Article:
British Pease Pudding
Pease Pudding is an easy, British side dish made with yellow split peas that are cooked with vegetables and smoked ham.
Typically served on a ham sandwich, or as a side to a meat dish.
Pease Pudding is not even a pudding, it is more of a paste (like hummus). It is made by cooking yellow split peas with a smoked ham hock or shank with vegetables, then blended or mashed.
Not to be confused with mushy peas, this is a native dish to the North East of England from the 14th Century that has its own rhyme. It has been dubbed as ‘Tyneside Pâte’, or Geordie Caviar which. Also, the name is not a typo, there really is an ‘e’ on the end of peas. Not sure why.
What is the Pease Pudding rhyme?
Pease pudding hot, Pease pudding cold, Pease pudding in the pot nine days old. Some like it hot, some like it cold, some like it in the pot, nine days old.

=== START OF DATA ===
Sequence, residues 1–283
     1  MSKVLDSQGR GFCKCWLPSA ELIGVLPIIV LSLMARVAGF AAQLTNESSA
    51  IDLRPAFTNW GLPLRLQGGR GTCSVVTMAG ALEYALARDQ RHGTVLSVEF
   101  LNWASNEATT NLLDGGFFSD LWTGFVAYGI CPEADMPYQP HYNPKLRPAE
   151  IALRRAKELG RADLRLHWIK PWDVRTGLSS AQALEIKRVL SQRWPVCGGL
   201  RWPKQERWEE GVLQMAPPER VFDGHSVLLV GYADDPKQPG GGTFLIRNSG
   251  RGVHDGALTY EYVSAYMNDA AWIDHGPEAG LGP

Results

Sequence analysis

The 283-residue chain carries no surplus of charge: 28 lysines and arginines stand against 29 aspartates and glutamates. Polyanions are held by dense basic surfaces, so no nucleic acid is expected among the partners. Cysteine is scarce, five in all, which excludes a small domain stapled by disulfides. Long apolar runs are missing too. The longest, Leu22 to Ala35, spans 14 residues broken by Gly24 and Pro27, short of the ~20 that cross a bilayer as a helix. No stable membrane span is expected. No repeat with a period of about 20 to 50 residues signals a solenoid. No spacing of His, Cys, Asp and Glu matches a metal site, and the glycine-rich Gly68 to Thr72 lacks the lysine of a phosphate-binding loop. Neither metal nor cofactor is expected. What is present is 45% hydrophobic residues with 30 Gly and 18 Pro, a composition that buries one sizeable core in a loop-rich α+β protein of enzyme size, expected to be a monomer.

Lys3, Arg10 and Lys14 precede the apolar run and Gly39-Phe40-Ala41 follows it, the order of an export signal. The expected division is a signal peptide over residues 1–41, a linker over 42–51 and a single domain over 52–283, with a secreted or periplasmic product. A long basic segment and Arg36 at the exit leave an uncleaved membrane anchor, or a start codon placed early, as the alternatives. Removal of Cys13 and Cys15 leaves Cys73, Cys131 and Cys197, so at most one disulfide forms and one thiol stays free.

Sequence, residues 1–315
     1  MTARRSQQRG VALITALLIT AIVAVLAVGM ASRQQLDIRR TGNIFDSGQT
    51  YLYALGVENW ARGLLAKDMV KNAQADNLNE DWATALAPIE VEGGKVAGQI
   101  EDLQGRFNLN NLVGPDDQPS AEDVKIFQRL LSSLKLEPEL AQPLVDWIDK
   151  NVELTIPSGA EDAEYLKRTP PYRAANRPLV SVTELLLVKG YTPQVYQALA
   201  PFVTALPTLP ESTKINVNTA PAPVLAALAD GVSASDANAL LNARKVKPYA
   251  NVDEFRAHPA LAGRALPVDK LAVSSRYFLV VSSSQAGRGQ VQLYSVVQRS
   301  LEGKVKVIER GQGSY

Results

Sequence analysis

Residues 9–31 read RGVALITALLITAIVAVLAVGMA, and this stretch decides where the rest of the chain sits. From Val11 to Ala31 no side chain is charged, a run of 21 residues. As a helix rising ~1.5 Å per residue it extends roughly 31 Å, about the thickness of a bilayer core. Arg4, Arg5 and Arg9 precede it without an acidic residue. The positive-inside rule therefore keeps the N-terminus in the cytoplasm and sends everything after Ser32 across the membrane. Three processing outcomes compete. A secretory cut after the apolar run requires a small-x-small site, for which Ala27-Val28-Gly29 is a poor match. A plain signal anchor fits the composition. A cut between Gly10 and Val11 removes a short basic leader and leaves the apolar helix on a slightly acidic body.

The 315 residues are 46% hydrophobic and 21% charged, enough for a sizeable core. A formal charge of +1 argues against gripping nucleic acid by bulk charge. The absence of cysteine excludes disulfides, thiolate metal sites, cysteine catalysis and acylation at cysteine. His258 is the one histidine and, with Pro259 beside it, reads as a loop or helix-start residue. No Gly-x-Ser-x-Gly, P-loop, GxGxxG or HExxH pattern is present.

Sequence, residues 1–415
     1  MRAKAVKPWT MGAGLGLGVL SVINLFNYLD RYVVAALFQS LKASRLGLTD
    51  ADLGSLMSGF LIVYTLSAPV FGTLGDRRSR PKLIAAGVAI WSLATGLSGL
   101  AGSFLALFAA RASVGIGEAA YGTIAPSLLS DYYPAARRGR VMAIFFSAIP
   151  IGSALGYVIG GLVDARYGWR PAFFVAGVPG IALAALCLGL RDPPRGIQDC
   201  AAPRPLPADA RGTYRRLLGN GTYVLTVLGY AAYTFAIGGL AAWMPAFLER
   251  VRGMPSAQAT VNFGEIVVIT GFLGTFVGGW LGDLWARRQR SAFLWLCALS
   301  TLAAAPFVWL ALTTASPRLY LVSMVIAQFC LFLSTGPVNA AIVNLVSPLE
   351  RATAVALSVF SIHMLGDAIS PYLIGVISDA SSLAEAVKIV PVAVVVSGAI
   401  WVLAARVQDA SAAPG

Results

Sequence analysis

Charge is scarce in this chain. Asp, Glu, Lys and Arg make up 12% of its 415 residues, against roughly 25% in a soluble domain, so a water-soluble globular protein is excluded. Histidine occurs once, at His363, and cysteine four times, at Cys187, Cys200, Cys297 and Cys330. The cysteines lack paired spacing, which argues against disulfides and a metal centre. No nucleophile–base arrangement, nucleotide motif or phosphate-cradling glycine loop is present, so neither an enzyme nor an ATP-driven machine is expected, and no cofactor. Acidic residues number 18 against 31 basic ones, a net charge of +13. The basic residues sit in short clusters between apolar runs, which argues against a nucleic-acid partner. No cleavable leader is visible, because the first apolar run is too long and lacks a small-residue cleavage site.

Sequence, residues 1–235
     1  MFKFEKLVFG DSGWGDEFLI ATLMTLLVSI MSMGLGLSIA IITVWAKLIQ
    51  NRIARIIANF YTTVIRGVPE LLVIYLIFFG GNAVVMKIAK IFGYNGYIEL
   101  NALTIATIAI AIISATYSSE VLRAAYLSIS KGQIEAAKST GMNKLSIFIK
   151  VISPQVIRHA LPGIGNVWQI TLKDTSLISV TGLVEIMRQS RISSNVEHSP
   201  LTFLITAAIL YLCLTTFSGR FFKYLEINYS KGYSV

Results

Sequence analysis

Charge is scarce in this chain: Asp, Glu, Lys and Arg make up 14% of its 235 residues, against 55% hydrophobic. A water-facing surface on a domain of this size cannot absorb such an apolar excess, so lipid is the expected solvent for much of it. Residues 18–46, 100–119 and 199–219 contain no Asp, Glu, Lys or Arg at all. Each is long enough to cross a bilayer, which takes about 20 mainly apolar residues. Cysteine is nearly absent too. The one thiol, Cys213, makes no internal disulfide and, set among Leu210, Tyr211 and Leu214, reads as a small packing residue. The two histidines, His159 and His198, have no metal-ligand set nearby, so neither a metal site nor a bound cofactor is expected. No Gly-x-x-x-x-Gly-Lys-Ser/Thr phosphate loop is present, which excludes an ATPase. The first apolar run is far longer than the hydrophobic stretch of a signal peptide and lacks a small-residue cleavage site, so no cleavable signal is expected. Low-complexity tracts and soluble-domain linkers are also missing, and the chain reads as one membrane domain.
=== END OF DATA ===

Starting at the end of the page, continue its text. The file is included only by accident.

Some recipes don’t call for the use of ham broth to cook the split peas, including my own mothers. Cooking it this way gives a great depth of flavor and once you try it this way, I think you’ll prefer it too.
Use of the ham shank/ham hock
The ham shank is only used to flavor the broth. Once you have used it, you can save it to use the ham for Ham & Split Pea Soup.
Traditionally, Pease pudding is served in a sandwich roll with ham or as a side dish with sliced ham. It can be served warm or cold. Personally, I like it warm or room temperature because the flavors are better which makes it portable for road trips and picnics.
Another dish served in the North of England is a British pork sausage called a Saveloy, a cooked sausage. It is like the British version of a hot dog that can be served with Pease pudding.
Additional serving suggestion
Blend with chicken stock to make a smoky lentil soup.
How long does Pease pudding keep?
In a sealed container, refrigerated up to 1 week. Contrary to the rhyme.